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Secret Ingredient for a Successful Economy - September 12, 2005
- Published on Tuesday, 11 July 2006 12:47
- Written by Robert Clift
Secret ingredient for a successful economy
Surprise: It's a liberal education. Here's why
Monday, September 12, 2005
by Norma Wieland, President and Robert Clift, Executive Director
Special to the Vancouver Sun
"A creative economy is the fuel of magnificence." -- Ralph Waldo Emerson (1803-1882)
Just as in Emerson's time, we must not become complacent about how we develop our economy. Like the 19th century British aristocrats described by Emerson, our province relied too long on our natural assets, and was slow to invest in the creativity of our people.
Fortunately, about 20 years ago, we finally recognized the value of a well-educated population and successive provincial governments have made great strides in improving post-secondary education opportunities.
British Columbians have taken up these opportunities and proved themselves adept at participating in -- and adapting to -- the knowledge economy.
To aid in this transformation, we are fortunate to have a system of public universities, university colleges, colleges and institutes.
This education system, although somewhat strained for funding, provides high-quality education and training programs and serves as the incubator for the new ideas that will become commercial products and services.
The market value of research in the sciences and applied sciences is well known and supported by government and the private sector. What is less well known, and less well supported, is the contribution the humanities and social sciences make to our economy.
More than half of the graduates from bachelor's degree programs at B.C. public universities major in the humanities or social sciences; about one-third graduate from the sciences or applied sciences, and about one in 10 receives a business or law degree. As a result, the majority of the innovators, managers and workers in the knowledge economy learned the finer points of thinking and communicating through what traditionally is called a "liberal education."
What exactly is a liberal education? Essentially, it is one that develops transferable skills -- analyzing information and writing about it, for example -- through the study of humans and their societies.
These fields of study can be about how we organize ourselves (sociology, political science and economics), how we relate to one another (anthropology, psychology and social work), how we express ourselves (fine and performing arts, literature, and languages), our achievements (history), or how we develop the intellect of future generations (philosophy and education.)
The economic impact of research in these areas revolves around an important idea -- adaptability.
Economic opportunities generated from research in the sciences and applied sciences cannot be acted upon effectively unless we are able to adapt to and embrace the changes that result from new ways of looking at the world.
Take communication technology, for example. The innovations of the past two decades have created the means for global communications unprecedented in human history.
This has opened up immense opportunities for commerce, not only in supplying the technology and related services, but also in using that technology to identify and act on business opportunities.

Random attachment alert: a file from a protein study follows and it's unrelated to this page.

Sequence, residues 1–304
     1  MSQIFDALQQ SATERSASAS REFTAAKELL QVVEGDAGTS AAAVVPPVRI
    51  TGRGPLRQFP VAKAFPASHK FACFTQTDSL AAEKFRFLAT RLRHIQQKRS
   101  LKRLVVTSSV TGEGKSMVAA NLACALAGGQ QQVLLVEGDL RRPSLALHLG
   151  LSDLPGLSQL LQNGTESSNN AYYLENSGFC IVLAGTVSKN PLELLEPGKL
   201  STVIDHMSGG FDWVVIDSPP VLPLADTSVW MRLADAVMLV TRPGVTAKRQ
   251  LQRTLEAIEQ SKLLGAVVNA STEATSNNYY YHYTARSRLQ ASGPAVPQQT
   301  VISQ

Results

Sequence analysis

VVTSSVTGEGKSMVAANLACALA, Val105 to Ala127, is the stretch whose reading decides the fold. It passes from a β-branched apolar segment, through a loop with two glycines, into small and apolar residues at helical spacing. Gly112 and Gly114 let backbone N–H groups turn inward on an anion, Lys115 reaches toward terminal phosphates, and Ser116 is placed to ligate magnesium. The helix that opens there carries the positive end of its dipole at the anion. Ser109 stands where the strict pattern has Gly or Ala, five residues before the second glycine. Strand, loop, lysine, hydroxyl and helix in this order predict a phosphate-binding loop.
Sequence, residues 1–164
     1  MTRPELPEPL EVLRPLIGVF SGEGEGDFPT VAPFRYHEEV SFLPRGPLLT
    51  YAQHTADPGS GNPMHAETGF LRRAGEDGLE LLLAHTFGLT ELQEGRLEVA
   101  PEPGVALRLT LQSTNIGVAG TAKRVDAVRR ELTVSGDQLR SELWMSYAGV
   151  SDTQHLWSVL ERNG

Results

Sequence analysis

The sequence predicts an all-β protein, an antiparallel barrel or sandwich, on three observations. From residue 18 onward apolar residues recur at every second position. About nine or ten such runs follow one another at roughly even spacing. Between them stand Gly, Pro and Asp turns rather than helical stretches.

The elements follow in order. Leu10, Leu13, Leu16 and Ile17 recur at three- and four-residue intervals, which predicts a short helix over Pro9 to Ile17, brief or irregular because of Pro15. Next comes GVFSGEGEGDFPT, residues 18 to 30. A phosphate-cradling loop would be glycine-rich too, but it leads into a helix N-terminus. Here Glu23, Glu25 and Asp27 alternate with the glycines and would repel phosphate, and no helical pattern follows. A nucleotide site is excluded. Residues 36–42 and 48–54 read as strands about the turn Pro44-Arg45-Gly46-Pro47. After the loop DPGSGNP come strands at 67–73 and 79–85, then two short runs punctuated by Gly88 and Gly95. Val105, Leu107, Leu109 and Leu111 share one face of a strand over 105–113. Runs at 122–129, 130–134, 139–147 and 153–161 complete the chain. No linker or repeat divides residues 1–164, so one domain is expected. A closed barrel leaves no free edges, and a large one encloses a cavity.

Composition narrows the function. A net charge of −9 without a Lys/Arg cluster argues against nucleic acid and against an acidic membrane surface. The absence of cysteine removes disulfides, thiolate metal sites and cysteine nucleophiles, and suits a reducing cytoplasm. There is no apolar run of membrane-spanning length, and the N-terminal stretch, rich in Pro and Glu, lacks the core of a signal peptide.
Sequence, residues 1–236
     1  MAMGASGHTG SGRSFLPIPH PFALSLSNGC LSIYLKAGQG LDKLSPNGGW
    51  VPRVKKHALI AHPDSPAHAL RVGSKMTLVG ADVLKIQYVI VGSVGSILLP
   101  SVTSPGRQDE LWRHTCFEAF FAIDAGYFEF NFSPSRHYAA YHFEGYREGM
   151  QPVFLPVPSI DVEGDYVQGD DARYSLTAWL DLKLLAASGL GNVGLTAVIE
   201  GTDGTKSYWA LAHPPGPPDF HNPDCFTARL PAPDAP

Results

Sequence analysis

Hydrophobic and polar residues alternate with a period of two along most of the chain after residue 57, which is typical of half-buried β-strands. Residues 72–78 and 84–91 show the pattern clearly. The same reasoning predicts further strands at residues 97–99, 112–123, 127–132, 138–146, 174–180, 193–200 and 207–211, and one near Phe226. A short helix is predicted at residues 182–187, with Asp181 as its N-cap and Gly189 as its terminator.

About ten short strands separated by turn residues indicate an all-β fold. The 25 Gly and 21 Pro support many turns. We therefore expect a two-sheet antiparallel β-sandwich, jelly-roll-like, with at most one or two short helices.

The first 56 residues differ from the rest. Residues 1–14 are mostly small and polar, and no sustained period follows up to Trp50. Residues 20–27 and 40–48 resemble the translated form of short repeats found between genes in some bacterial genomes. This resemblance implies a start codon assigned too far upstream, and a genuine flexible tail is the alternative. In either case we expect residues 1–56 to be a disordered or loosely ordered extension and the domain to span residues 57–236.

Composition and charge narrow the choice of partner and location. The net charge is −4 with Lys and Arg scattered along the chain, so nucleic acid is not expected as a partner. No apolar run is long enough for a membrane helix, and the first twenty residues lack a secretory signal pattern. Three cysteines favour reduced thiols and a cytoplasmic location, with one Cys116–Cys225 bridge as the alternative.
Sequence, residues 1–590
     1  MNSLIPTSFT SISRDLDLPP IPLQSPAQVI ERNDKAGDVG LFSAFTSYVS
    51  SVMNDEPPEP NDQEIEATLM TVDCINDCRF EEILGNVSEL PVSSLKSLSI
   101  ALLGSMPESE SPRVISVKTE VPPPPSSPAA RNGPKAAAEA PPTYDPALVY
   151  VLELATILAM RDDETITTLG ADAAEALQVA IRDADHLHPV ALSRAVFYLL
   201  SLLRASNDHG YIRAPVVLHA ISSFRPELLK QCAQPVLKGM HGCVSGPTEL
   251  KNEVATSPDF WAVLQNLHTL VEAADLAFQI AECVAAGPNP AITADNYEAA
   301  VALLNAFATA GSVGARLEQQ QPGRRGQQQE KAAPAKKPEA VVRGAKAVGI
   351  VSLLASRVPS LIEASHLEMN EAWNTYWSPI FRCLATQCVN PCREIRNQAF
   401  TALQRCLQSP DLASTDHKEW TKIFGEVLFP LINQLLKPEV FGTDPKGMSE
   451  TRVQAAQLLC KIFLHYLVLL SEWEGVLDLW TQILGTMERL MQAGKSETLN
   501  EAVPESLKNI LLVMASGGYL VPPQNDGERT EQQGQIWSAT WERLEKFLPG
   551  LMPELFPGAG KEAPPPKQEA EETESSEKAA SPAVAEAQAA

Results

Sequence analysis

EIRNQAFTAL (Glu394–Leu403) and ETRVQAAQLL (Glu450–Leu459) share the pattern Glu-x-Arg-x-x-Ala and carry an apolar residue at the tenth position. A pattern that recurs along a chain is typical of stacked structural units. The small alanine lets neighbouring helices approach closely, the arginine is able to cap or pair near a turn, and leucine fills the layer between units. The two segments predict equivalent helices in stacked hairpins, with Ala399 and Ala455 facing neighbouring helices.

At the same time, instantaneous communication has magnified our ability to misunderstand and offend one another. This is why before the advent of this technology our diplomats were so important.
They were the people charged with understanding and bridging cultures for everyone's benefit. Today, we have become, effectively, our own ambassadors and the cultural knowledge available to us through humanities and social science research helps to build the roads leading to global economic opportunities.
A more immediate example for British Columbians is the adaptability of those communities formerly reliant on resource extraction. Using technology to work smarter in our resource industries means that fewer people are needed to achieve the same level of productivity. Unlike out-of-date equipment, however, we cannot simply toss people into the landfill.
Displaced workers not only need education and training opportunities, but their communities need to learn ways to survive economic upheaval and to creatively take advantage of new economic and social circumstances.
Social scientists study this type of change, and the results of that research can be applied not only to the community being studied, but also to other communities in similar circumstances.
A sustainable economy depends not only on new products and services, but on the people who develop, deliver and buy those products and services.
Research in the humanities and social sciences helps us to understand how to build adaptable, healthy, sustainable and creative communities that are able to take advantage of opportunities as they arise, and to create new opportunities for themselves.
Accordingly, a successful economic development strategy for B.C. will support research not only in the sciences and applied sciences, but also in the humanities and social sciences. The economy resulting from this approach will be a magnificent thing indeed.
Norma Wieland is the president, and Robert Clift is the executive director of the Confederation of University Faculty Associations of B.C.
© The Vancouver Sun 2005